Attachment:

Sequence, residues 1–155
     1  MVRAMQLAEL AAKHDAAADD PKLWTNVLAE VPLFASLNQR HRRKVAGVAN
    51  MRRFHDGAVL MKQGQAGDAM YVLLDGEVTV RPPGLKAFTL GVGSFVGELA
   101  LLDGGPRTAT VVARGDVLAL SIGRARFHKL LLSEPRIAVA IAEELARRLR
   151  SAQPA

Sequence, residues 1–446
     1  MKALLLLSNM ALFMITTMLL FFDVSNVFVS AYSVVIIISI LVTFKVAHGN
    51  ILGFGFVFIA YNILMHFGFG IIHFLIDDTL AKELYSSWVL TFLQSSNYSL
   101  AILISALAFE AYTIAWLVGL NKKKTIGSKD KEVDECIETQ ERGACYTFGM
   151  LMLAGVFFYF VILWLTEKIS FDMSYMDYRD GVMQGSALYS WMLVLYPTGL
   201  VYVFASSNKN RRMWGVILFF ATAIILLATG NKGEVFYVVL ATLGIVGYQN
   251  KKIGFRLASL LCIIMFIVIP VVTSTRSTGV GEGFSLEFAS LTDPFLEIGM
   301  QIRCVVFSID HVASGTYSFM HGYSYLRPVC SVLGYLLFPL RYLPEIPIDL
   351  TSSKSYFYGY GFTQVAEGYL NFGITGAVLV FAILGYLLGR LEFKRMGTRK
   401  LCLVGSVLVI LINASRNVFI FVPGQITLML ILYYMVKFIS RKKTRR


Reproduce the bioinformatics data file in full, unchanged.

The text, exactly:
Sequence, residues 1–155
     1  MVRAMQLAEL AAKHDAAADD PKLWTNVLAE VPLFASLNQR HRRKVAGVAN
    51  MRRFHDGAVL MKQGQAGDAM YVLLDGEVTV RPPGLKAFTL GVGSFVGELA
   101  LLDGGPRTAT VVARGDVLAL SIGRARFHKL LLSEPRIAVA IAEELARRLR
   151  SAQPA

Sequence, residues 1–446
     1  MKALLLLSNM ALFMITTMLL FFDVSNVFVS AYSVVIIISI LVTFKVAHGN
    51  ILGFGFVFIA YNILMHFGFG IIHFLIDDTL AKELYSSWVL TFLQSSNYSL
   101  AILISALAFE AYTIAWLVGL NKKKTIGSKD KEVDECIETQ ERGACYTFGM
   151  LMLAGVFFYF VILWLTEKIS FDMSYMDYRD GVMQGSALYS WMLVLYPTGL
   201  VYVFASSNKN RRMWGVILFF ATAIILLATG NKGEVFYVVL ATLGIVGYQN
   251  KKIGFRLASL LCIIMFIVIP VVTSTRSTGV GEGFSLEFAS LTDPFLEIGM
   301  QIRCVVFSID HVASGTYSFM HGYSYLRPVC SVLGYLLFPL RYLPEIPIDL
   351  TSSKSYFYGY GFTQVAEGYL NFGITGAVLV FAILGYLLGR LEFKRMGTRK
   401  LCLVGSVLVI LINASRNVFI FVPGQITLML ILYYMVKFIS RKKTRR